Between Occident and Islam
by Olsi Jazexhi
1. Antonomastice Illyricum limes
Albania, with its geographical position in Europe, has always been a conflict zone between Occident and Orient, between Occidental Christian Catholicism and the Oriental "heresies" of Christian Orthodoxy and Islam. For Albania, being such a conflict zone between these important religions and cultures of mankind, a battlefield has been perpetually created, even for the intellectual followers of these given religions, who have always clashed, fought, manipulated, created and justified facts and myths upon Albanian realities in order to prove the superiority and legitimacy of their own cultural/civilizational block. Indeed, since the ancient times, the Via Egnatia that passed through Albania sent the ancient Romans clashing with the Macedonians, the Byzantines with the Papal Europe, Islâm with the Christendom. Even the Cold War did not ignore Albania as a kulturkampf zone, between two different and antagonist worlds.
Since Albania is a small nation, surrounded by mighty powers, Albanians have always been divided into two major quarrelling blocks throughout their history. They rarely managed to have an independent identity in the history. More powerful imperial neighbors overshadowed them and they did not have much choice on deciding their does and don'ts. Albania’s (Byzantine) national flag of the two-headed eagles is a living witness of its fragile duality in history. Christianity, Islam, political ideologies like: communism / capitalism, imperialism / socialism, Orientalism / Occidentalism, have historically divorced and clashed upon Albania.
When Sultan Mehmed II Fatih liberated Constantinople for Islam, an awful civilizational clash reoccurred in Europe between Christianity and Islam. The religious clash between the Oriental Islam and the Occidental Christianity, which appeared in Europe since the days when Sultan Orhan Ghazi created the Osmanli Devlet, was very detrimental for Albania’s future.
The kulturkampf between the Occidental Christianity and the Oriental Islam witnessed its peak when the Christian Constantinople became the Istanbul of Islam in 1453. The man who changed this reality that was going to shape Albania’s future was Sultan Mehmed II, who after invading the said city took the title "Fatih" (the Opener, the Conqueror). After taking Constantinople he reinforced Ottoman authority over Albania, many parts of which were then under the Venetian control. After ousting the foreign rulers and their puppets, he installed Albanians to rule over the land like in the case of Shkodra in 883 AH / 1478 CE .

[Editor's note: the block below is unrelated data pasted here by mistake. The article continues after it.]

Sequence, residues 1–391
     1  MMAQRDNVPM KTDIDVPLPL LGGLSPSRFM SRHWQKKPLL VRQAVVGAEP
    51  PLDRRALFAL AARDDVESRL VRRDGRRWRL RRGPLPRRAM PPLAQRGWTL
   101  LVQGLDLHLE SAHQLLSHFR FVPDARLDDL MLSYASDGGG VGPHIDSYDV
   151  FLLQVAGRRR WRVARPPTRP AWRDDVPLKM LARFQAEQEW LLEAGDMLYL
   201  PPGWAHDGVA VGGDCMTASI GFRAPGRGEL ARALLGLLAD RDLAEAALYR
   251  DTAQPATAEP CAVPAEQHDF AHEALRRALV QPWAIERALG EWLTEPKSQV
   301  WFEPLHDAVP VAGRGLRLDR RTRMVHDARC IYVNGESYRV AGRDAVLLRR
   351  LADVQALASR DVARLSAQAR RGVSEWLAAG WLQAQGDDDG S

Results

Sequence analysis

In pursuit of his dreams of taking the second capital of Christianity, Rome, Sultan Fatih sent his brave Albanian Muslim general, Gedik Ahmed Pasha (a descendant of the Albanian tribe of Skura) to invade Brindisi in Italy a few years after making Albania an integral part of the Osmanli Devlet. Sultan Mehmed II’s successes, and the earlier advances of Osmanli Islm in Balkans, made the Western Christendom feel very threatened indeed. In the same way as present day Palestinians and Arabs feel oppressed and horrified about their future in the face of the West’s "Crusade" against "terror," Western Christendom of that time was in desperate need of a hero, a solution that could save it from the jihad against terror that Orient was waging against the bankrupt Occident. The day when Pope Sixtus IV (1471-1484) learned of Sultan Mehmed II Fatih’s death (1481), Christendom celebrated much more happily than Albanians did when NATO troops bombed Serbia in 1999. Western Christendom was in need for heroes and solutions, so much so that heroes, in some cases, had to be created and planted in the Albanian buffer zone even if they were not really as such.